Broch vandals could be caught on camera


HISTORIC Scotland will be asked to install CCTV cameras at Lerwick’s Clickimin Broch to help curb the wave of vandalism that has blighted the ancient monument.

Members of the town’s community council agreed to request the cameras after the agency proposed sending education officers to primary schools to inform pupils of the monument’s true significance.

Council members had hoped the gate and fence over the entrance of the broch could be made higher to help deter future incidents of vandalism. They put forward their request to Historic Scotland, which owns the site.
But the agency’s regional works manager, Gavin Douglas, said a larger fence would be “unsightly” and would “take away greatly from the setting of the monument and the approach for the visitor”.

In a letter to the community council’s clerk, Katrina Semple, he said education officers could be sent to primary schools to build up a fuller understanding of the broch.

“In even quite troublesome areas, such as Craigmillar in Edinburgh, this approach has given some very positive results,” he said.

“I have requested that they try a similar scheme at Sound and Bell’s Brae Primaries to see if this can also improve the situation.”

The suggestion was met with dismay at Monday’s community council meeting at the Town Hall.

Attending the meeting was Lerwick South member Jonathan Wills, who described Historic Scotland’s response as “a fairly unhelpful letter”.

He added: “This is a major national monument. The vandalism that is happening there is a disgrace and brings shame on Shetland.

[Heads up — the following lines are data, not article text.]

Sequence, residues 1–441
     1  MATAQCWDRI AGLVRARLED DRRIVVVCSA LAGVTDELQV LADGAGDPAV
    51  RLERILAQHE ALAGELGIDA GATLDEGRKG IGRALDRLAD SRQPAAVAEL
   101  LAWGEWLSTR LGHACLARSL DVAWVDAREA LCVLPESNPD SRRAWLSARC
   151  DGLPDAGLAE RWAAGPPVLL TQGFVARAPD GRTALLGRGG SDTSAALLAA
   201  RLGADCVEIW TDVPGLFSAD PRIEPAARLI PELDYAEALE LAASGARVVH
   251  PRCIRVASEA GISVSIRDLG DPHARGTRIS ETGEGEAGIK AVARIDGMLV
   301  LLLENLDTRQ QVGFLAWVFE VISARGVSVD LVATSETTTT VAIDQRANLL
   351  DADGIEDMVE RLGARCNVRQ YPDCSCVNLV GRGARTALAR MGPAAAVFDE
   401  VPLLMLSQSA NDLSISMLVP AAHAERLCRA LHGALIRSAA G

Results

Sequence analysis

“The bairns in Lerwick’s two primary schools are very well aware of the broch.

“We should ask Historic Scotland to install cameras there. If this was Edinburgh Castle or Holyrood Parliament they would be doing it.

“This shows total complacency and I propose we should write to Mr Douglas and ask him to reconsider and come up with a more effective suggestion.”

Fellow councillor Gussie Angus said visiting primary schools would fail to deal with the vandals causing havoc at the broch.

He said there was evidence that “substantial stones” had been shifted at the site, and said that “certainly wouldn’t be down to primary pupils”.

Historic Scotland’s custodianship of the Clickimin Broch has not been without controversy.

In recent months the agency rejected calls for a visitor centre and car park to be developed near the broch.

Lights around the broch are regularly smashed, with repairs totalling some £1,000 every two years.


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